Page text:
Three dogs awaiting their forever homes at the Lycoming County Society for the Prevention of Cruelty to Animals, 2805 Reach Road, have given three local women some motivation to diligently train for an upcoming triathlon.
Kelli Smith, her sister, Kacie, and their friend Jackie Edwards needed something to get them out and moving more often to prepare for a triathlon.
Kellie is a part-time kennel attendant and dog team leader at the SPCA, where Edwards also is a part-time kennel attendant, and the two realized that there were some dogs there - specifically an 8-month old pitbull mix named Major - who needed a little more time out of the kennels. They decided that the dogs would make perfect training partners.
Kacie is a Pennsylvania College of Technology student, and Kellie said her sister ropes her into doing things together.
"We started about two weeks ago, and we needed ambition. So we decided to take the dogs with us to keep entertained," Kelli said.
Two other dogs benefiting from the runs are beagle-cattle dog mixes Cherokee and Sugar Bear, who are sisters and are both 8 months old.
"We choose them because they are younger and don't always act the best when in their cage," Kelli said.
Major has a lot of energy and loves to get out and move. Sugar Bear, who is very timid, benefits not just from the exercise, but the socialization she is receiving and the exposure to the environment outside the shelter. The dogs are decked out in bandanas, which say "Adopt Me," while they train with the women on the Susquehanna Riverwalk.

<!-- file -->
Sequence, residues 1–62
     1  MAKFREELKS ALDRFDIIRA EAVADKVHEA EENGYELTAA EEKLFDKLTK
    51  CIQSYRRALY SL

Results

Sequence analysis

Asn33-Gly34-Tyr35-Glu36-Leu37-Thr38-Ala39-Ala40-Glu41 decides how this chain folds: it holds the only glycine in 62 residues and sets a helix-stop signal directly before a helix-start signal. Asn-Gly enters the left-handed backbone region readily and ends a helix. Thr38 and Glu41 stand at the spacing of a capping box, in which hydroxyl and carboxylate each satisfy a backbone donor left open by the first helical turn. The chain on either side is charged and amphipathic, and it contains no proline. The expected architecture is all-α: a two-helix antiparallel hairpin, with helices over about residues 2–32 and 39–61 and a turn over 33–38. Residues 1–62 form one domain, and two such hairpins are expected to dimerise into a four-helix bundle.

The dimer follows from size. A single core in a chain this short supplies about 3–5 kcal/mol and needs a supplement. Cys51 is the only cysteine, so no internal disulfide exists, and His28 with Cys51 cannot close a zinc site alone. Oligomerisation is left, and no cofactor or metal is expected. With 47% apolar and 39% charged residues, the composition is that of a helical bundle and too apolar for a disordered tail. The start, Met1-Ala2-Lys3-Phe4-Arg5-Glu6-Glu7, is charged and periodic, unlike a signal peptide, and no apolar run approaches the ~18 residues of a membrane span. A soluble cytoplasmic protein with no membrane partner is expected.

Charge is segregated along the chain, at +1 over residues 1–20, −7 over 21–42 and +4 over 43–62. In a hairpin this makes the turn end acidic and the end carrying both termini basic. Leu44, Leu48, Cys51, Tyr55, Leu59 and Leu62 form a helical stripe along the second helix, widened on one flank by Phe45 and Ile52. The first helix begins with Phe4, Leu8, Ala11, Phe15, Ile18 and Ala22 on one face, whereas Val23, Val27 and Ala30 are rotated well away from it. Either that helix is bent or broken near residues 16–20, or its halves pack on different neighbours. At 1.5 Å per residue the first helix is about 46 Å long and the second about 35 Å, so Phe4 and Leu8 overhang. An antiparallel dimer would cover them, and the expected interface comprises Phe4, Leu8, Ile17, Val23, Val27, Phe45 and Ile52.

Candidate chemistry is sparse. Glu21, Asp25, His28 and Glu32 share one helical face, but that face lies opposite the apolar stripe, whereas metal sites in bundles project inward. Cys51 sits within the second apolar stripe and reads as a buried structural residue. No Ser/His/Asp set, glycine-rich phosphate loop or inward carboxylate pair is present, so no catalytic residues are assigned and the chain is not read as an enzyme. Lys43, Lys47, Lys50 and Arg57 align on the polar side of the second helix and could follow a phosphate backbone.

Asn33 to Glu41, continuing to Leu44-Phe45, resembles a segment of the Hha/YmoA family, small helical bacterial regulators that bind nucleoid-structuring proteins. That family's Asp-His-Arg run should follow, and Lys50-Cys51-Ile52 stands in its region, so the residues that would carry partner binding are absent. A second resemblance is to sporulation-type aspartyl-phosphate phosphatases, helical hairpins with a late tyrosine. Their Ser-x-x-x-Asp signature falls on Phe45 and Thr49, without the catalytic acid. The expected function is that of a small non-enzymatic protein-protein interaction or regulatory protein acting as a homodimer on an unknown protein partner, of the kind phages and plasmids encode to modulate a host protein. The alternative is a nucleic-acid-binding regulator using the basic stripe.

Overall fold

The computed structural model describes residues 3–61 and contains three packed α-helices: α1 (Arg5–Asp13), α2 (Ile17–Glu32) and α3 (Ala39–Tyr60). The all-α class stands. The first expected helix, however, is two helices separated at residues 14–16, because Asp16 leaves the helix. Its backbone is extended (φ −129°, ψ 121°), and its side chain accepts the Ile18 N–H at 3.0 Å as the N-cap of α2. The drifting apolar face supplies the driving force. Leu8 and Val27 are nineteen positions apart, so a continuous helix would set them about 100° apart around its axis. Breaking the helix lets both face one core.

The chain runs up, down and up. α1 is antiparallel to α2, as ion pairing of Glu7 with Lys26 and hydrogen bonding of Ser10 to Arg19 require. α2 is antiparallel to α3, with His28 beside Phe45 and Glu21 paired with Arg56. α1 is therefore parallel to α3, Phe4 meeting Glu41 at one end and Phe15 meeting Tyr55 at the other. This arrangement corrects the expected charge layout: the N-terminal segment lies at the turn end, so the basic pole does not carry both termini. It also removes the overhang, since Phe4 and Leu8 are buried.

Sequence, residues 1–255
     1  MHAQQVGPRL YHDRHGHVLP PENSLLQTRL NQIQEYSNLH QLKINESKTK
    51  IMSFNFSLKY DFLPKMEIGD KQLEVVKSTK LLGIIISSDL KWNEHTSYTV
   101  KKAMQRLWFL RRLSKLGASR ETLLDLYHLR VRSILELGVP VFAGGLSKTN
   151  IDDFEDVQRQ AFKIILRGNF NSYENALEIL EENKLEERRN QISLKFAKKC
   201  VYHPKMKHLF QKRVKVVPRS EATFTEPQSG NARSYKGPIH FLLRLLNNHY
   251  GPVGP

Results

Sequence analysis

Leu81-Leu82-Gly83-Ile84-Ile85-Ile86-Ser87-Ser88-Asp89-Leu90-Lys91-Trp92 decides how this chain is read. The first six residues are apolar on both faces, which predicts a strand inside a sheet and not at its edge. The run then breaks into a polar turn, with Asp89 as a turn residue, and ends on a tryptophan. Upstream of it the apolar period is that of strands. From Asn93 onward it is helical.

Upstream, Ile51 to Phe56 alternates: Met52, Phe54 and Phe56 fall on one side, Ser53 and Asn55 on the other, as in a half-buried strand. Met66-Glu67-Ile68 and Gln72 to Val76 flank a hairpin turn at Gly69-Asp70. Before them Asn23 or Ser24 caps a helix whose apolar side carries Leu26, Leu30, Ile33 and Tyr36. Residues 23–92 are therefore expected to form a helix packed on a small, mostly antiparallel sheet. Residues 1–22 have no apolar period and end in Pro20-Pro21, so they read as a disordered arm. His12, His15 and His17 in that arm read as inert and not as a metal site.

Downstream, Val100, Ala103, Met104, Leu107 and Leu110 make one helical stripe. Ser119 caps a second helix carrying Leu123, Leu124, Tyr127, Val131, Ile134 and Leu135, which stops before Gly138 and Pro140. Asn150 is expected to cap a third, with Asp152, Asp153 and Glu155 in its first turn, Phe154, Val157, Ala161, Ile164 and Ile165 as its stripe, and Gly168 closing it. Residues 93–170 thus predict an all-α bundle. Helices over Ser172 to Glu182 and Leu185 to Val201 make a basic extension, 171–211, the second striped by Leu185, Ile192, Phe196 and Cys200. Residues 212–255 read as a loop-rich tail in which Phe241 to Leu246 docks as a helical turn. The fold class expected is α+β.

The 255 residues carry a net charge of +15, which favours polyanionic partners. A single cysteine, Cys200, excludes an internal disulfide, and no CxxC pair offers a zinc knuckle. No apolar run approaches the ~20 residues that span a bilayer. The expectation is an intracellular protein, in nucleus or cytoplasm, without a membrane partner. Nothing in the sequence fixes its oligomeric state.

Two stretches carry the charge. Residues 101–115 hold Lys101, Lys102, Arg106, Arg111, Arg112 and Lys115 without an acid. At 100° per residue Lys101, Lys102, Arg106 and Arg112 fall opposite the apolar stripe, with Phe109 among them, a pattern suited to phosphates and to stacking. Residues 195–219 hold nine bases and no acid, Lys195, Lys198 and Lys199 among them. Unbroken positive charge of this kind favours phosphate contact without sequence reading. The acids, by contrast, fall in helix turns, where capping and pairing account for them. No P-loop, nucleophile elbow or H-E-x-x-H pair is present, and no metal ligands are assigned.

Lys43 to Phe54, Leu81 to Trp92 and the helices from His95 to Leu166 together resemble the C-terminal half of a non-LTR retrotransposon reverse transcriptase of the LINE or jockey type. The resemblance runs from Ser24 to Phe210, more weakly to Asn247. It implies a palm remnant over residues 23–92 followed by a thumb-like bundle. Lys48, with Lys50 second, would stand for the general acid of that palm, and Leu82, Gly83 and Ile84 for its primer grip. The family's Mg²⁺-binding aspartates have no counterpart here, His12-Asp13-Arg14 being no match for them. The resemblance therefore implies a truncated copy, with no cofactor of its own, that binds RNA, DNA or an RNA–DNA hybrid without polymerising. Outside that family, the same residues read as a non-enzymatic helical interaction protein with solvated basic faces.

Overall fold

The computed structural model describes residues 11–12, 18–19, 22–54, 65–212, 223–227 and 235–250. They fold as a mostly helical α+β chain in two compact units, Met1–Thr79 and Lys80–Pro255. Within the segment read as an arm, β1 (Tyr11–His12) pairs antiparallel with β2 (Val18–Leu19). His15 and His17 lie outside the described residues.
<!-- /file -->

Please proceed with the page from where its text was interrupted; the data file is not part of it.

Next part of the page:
"We walk the first half and get them calm and then run the second half," Kellie said.
The Riverwalk gets the dogs used to bicycles, skateboards, other runners, walkers and even other dogs.
"Major is the main reason we are doing this," Edwards said. "We worked with him at the shelter and we thought we should take him on the dike and go running."
"They definitely need the socialization and the exercise. It's for them and us," Kellie said.
The dogs seem to enjoy their time out. According to Kellie, Cherokee has really come out of her shell and become less timid and more social.
The dogs get public exposure to people who may not come to the shelter to see them, too - specifically ones who are active, just like these dogs. On a recent warm day, the young ladies took the dogs for a short jaunt, and then planned on taking them to the creek to play.
While standing outside the SPCA transport van, a woman spotted them and crossed the street. She walked over and asked them about the dogs, their breeds and ages, and petted them.
Before she left, she commended the young women for doing what they were doing: helping these dogs find a home.
The group plans to continue training with other dogs they believe need extra attention.
"We already have dogs lined up to go training," Kellie said.